Overview of Gramineae
- These are herbs, rarely woody, as bamboos. They are very widely distributed all over the earth.
- This is cylindrical and has distinct nodes and internodes (sometimes hollow), called a culm.
- These are simple, alternate, and distichous. They have a sheathing leaf base that is split open on the side opposite the leaf blade. There is a hairy structure, called the ligule, at the base of the leaf blade.
- This is usually a spike or a panicle of spikelets. Each spikelet consists of one or a few flowers (not exceeding five), and its base bears two empty bracts or glumes (GI, GII), one placed a little above and opposite the other. A third glume, called the lemma or flowering glume, stands opposite the second glume. The lemma encloses a flower in its axil. It may have a bristle-like appendage, long or short, known as the awn. Opposite the flowering glume or lemma, there is a somewhat smaller, two-nerved glume called the palea. The spikelet may be sessile or stalked.
- These are usually bisexual, sometimes unisexual, and monoecious.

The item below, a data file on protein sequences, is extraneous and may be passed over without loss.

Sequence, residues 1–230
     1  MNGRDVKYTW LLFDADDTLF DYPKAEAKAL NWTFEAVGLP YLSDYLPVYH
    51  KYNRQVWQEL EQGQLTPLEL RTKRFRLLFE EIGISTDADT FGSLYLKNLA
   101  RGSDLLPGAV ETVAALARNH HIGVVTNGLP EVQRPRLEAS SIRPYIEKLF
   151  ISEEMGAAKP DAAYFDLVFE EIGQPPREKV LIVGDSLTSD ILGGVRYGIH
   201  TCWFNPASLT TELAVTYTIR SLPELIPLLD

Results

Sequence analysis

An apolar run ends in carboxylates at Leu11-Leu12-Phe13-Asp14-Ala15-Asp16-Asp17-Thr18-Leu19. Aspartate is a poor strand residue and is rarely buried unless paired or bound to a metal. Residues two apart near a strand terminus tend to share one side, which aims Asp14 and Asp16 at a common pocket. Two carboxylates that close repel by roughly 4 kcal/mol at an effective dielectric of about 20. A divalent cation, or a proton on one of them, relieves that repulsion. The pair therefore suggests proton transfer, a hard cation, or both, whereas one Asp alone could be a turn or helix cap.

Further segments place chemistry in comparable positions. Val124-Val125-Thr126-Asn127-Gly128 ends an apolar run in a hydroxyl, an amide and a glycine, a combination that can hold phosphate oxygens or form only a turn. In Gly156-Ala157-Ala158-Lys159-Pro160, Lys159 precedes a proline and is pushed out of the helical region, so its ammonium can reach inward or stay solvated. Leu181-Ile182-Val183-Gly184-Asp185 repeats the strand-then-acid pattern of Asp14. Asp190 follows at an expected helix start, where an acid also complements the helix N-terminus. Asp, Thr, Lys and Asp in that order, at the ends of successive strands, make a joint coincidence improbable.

- This is represented by 2- or 3-minute scales, called the lodicules, at the base of the flower. These are considered to form the rudimentary perianth.
- There are three stamens, or sometimes six, as in rice and bamboo. The anthers are versatile and pendulous.
- The carpels are generally considered to number (three), reduced to one by their fusion or by the suppression of two. The ovary is superior and one-celled, with one ovule. The styles usually number two (three in bamboos, and two fused into one in maize, rarely one). They may be terminal or lateral. The stigmas are feathery.
- The fruit is a caryopsis.
- This is albuminous. Pollination by the wind is most common. Self-pollination occurs in a few cases, as in wheat.
Examples: Rice, maize, bamboo, etc.
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